In a Catholic mass, this phrase is said:

Lord, I am not worthy that you should enter under my roof, but only say the word and my soul shall be healed.

As a non-native English speaker, I find the use of should a bit odd. Notice the subjunctive is also used in other languages, for instance, Latin:

Dómine, non sum dignus, ut intres sub tectum meum, sed tantum dic verbo et sanábitur ánima mea.

and Spanish:

Señor, no soy digno de que entres en mi casa, pero una palabra tuya bastará para sanarme

However, "should" sounds too strong for me. In Spanish (my native language), should is said as "deber" or "tener" (so "should enter" can be translated as "debas entrar"), which is much stronger that the term actually used in Spanish ("entres").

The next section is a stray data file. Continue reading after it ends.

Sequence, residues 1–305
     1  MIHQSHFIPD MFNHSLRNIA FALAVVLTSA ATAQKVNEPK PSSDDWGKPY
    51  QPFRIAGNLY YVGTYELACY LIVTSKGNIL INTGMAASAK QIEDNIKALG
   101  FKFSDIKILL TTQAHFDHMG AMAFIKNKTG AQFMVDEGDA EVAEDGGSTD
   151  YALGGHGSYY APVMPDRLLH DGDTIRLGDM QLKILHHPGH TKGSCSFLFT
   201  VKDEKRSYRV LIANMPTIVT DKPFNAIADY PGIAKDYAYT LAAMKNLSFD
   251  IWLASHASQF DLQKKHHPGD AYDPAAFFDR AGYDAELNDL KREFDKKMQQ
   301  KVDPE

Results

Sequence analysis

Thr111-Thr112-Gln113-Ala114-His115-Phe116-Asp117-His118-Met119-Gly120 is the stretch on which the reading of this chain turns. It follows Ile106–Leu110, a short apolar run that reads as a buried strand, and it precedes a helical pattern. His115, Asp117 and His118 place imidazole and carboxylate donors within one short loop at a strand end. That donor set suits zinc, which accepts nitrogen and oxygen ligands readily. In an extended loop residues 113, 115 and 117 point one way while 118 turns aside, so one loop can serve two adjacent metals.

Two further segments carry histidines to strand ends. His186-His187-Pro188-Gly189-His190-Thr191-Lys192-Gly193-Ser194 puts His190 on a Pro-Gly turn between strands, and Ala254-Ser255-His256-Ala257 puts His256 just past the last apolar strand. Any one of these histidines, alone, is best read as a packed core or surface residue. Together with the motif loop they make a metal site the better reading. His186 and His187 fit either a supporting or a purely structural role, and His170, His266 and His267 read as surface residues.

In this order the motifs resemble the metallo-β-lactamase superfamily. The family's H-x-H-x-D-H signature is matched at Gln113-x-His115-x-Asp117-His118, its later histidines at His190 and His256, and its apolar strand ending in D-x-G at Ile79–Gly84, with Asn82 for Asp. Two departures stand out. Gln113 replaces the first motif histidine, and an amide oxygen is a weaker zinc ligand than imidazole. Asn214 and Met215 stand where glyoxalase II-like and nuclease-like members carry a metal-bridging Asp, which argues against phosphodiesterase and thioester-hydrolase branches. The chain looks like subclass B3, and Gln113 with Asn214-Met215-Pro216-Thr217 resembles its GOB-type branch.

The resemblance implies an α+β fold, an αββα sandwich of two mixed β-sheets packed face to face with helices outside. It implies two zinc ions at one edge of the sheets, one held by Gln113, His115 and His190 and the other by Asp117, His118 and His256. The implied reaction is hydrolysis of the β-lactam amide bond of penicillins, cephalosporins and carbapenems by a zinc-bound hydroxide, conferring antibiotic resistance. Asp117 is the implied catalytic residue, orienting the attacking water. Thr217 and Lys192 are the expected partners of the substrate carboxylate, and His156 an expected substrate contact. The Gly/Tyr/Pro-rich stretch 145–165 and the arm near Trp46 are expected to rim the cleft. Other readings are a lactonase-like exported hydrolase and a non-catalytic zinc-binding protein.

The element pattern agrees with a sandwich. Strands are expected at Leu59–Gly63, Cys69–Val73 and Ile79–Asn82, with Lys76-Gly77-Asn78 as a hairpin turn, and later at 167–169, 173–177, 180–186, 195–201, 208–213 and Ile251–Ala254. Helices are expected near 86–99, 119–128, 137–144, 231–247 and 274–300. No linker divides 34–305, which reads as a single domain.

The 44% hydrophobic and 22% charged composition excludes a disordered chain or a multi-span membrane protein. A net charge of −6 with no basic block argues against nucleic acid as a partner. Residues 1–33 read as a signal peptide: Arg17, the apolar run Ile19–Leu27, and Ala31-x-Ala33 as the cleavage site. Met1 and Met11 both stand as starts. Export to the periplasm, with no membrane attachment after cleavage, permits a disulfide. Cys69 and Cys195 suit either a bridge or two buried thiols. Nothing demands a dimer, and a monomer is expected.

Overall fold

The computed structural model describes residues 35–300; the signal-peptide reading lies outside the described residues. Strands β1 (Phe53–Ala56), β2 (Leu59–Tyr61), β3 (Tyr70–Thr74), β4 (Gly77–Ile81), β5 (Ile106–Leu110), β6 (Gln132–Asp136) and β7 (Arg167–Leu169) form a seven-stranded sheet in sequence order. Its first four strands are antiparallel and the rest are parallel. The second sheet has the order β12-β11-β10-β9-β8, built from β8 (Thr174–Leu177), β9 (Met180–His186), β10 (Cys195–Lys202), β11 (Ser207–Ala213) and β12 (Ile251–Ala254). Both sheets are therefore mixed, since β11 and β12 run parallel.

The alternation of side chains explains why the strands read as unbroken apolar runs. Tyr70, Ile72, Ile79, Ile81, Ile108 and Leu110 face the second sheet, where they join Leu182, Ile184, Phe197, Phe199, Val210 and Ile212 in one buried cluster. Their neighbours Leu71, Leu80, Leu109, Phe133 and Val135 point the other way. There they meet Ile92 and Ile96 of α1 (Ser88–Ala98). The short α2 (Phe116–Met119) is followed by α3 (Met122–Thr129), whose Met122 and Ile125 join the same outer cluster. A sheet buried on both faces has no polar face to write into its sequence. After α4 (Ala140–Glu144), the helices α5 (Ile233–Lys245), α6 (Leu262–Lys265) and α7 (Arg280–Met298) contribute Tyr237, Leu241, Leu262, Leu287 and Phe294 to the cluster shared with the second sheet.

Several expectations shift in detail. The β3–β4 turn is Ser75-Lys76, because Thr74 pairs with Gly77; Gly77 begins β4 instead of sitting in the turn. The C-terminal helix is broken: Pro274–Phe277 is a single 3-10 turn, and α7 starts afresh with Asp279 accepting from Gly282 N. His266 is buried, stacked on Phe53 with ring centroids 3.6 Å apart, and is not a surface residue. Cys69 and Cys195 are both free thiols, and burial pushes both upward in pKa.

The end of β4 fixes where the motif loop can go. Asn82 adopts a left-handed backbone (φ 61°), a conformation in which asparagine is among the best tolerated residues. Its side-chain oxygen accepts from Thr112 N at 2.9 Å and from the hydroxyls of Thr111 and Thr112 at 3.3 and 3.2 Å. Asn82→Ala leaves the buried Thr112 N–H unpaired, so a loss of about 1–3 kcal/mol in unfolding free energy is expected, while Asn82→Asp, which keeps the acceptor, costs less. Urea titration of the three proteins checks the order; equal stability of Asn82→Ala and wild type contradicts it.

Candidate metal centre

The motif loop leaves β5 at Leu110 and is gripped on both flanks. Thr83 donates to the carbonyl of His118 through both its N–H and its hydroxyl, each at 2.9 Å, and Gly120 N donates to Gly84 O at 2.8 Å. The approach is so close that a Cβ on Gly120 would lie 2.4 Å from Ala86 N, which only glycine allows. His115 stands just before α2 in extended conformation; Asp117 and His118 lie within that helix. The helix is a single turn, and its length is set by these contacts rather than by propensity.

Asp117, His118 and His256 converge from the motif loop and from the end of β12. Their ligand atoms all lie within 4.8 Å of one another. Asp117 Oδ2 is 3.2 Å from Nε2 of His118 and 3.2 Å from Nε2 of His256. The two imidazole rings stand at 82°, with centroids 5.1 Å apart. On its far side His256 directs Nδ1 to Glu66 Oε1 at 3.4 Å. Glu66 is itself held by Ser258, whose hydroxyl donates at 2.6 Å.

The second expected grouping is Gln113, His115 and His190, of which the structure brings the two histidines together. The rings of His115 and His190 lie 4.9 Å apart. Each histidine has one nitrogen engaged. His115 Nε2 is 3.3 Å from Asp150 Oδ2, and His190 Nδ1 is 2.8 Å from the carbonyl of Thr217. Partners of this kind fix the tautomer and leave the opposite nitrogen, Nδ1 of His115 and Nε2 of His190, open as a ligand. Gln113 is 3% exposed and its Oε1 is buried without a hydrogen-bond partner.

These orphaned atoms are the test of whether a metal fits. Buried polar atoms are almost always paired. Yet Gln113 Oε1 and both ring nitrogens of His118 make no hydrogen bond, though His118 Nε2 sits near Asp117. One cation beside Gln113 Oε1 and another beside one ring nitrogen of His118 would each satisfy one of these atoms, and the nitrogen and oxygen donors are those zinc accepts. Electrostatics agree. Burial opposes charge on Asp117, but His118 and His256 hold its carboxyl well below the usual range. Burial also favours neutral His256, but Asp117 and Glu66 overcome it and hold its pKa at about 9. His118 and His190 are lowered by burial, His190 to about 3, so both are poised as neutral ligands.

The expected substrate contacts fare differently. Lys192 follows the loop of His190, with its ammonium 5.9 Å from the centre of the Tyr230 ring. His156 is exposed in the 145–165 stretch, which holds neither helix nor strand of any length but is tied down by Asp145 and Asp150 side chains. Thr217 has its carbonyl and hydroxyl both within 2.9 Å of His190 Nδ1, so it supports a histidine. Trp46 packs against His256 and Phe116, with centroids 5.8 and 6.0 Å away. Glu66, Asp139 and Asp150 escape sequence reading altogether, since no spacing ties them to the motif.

I imagine the use of "should" is correct, but I don't understand exactly why. To me, a softer "might" sounds better. Can anyone explain?


Deber is the predominant meaning of "should" today, but it is not the only meaning.

Like most modals it has an epistemic meaning (about our knowledge of the world) as well as a deontic one (about how the world ought to be).

The meaning here is indeed quite close to might.

Compare (slightly old-fashioned, but still common) expressions like "If you should see him ... ", and "I should think so". These express possibility, not necessity.

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